On January 28, the British philosophers F.C. Copleston and Bertrand Russell squared off on BBC radio for a debate on the existence of. Abstract, This article has no associated abstract. (fix it). Keywords, No keywords specified (fix it). Categories. Bertrand Russell in 20th Century Philosophy. Here is the famous debate on the existence of God between Frederick Copleston and Bertrand Russell. The link gives you the transcript of the.
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The infinity of the series of contingent beings, even if proved, would be irrelevant. Either God only speaks to a very small percentage coplezton mankind — which happens rusdell include yourself — or He deliberately says things are not true in talking to the consciences of savages. But surely in the case of the devils there have been people speaking mainly of visions, appearance, angels or demons and so on.
He does not assume that it will be found, and that’s a very important matter in modem physics. If you had admitted this, bdrtrand could then have discussed whether that being is personal, good, and so on. The fact that we gain our knowledge of causality empirically, from particular causes, does not rule out the possibility of asking what the cause of the series is [ … ] Russell: And that seems to me to assume an ordered and intelligible universe.
Russell however found both arguments unconvincing. As we are going to discuss the existence of God, it might perhaps be as well to come to some provisional agreement as to what we understand by the term “God. Yes, a being the essence of which bertranv to exist.
Copleston–Russell debate – Wikipedia
Back to Home Page. The moral law, for example, is always changing. Well, my position is the affirmative position that such a Being actually exists, and that His existence can be proved philosophically. Russell Debate portion on “Contingency” — note: Pinging is currently not allowed.
I mean, I think people can make mistakes cpoleston that as they can in other things. The debate between Copleston and Russel would typify the arguments presented between theists and atheists in the later half of the 20th century, with Russell’s approach often used by atheists in the late 20th century.
Well, Cipleston don’t see that differences in particular moral judgments are any conclusive argument against the universality of the moral law.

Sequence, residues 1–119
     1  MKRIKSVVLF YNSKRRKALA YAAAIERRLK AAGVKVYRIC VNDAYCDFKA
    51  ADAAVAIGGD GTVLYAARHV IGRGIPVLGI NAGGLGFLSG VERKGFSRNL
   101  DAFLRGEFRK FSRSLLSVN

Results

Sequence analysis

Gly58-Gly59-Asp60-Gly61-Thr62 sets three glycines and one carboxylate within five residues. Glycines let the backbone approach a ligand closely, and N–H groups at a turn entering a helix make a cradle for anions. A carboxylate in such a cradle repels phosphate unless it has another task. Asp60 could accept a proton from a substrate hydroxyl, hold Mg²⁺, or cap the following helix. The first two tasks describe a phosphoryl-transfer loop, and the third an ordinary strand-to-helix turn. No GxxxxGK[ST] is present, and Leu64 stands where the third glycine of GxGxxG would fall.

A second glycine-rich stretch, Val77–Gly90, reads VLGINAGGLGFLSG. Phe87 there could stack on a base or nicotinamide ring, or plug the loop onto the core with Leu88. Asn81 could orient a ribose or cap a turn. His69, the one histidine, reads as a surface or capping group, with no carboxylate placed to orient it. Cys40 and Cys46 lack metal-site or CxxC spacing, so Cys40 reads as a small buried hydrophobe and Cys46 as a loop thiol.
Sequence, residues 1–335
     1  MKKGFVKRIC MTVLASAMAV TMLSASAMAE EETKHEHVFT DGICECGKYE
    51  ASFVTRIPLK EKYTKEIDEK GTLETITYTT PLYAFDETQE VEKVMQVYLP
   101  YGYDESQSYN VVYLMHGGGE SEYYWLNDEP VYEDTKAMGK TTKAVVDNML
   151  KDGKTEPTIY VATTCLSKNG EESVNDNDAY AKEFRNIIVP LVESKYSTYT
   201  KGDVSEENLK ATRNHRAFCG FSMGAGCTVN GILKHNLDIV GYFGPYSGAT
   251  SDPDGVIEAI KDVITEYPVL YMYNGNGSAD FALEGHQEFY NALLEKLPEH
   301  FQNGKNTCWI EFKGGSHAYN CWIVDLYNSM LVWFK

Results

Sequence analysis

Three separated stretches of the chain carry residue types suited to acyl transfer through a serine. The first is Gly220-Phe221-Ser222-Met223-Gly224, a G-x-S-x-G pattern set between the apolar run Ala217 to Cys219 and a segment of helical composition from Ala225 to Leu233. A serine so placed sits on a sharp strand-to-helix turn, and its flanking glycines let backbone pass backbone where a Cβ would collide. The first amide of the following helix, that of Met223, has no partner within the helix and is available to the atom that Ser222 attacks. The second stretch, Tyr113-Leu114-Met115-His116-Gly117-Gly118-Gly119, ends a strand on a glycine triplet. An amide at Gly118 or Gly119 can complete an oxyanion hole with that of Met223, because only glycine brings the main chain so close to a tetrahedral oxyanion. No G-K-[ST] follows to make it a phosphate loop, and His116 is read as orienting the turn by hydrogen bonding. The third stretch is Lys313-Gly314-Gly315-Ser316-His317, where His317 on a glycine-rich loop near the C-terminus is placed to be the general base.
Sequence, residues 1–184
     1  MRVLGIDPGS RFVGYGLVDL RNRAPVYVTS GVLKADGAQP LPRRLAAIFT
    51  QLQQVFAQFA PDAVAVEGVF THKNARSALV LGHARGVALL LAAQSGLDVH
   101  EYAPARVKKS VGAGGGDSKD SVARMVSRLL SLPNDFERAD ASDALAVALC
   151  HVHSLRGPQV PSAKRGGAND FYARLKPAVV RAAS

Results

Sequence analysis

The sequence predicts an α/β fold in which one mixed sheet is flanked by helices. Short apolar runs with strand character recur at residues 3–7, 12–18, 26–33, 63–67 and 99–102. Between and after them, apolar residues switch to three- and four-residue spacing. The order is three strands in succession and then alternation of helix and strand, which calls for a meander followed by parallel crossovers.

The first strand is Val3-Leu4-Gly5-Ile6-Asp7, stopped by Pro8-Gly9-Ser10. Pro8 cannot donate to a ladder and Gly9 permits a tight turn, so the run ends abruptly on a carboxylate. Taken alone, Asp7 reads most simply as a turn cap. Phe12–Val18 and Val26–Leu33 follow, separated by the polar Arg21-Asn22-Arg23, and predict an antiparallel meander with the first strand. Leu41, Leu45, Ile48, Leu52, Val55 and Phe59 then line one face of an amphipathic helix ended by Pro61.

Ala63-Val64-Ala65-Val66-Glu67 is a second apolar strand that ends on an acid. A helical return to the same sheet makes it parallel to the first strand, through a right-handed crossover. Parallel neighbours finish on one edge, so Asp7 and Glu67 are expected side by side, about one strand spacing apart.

Well, to say that there isn’t any cause is not the same thing as saying that we shouldn’t look for a cause.
Well, do you rebate any moral obligation?
Bertrand Russell on YouTube. By Brian Auten on March 19, at 7: Moreover, your theory explains moral obligation away, and explaining away is not explanation.
I mean, the explanation of one thing is another thing which makes the other thing dependent on yet another, and you have to grasp this sorry scheme of things entire to do what you want, and that we can’t do. Therefore, I should dwbate, since objects or events exist, and since no object of experience contains within itself the reason of its existence, [ … ] the totality of objects must have a reason external to itself.
As for things not having a cause, the physicists assure us that russell quantum transitions in atoms have no cause. But as the premiss is contingent, the conclusion also must be contingent. Yes, I agree, some scientists — physicists — are willing to allow for indetermination within a restricted field. I should like to know whether you would accept Leibniz’s division of propositions into truths of reason and truths of fact.
Moreover, the statement that the world is simply there if in answer to a question, presupposes that the question has meaning. What do you say — shall we pass on to some other issue?
But I do not think that people have claimed to have experienced Satan in the precise way in which mystics claim to have experienced God. At one period in the development of the human race, almost everybody thought cannibalism was a duty.
Frederick Copleston and Bertrand Russell: A Debate
Would you agree — provisionally at least — to accept this statement as the meaning of the term “God”? So if you add up contingent beings to infinity, you still get contingent beings, not a Necessary Being. The term “necessary,” he argues, can only be applied to analytic propositions –propositions which are derived logically and which would be self-contradictory to deny. Bertranf March 20, Of course, a subjectivist explanation is possible in the case of certain people in whom there is little relation between the experience and life, in the case of deluded people and hallucinated people, and so on.
Yes, that’s my position. I maintain the meaninglessness of certain particular terms debtae not on any general ground, but simply because I’ve not been able to see an interpretation of those particular terms.
At any rate it is more reasonable to suppose that he had that experience if we’re willing to accept Porphyry’s account of Plontinus’ general kindness and benevolence.
The whole concept of cause is one we derive from our observation of particular things; I see no reason whatsoever to suppose that the total has any cause whatsoever. But every necessary thing has its necessity caused by another, or not. The word “necessary” I should maintain, can only be applied significantly to propositions.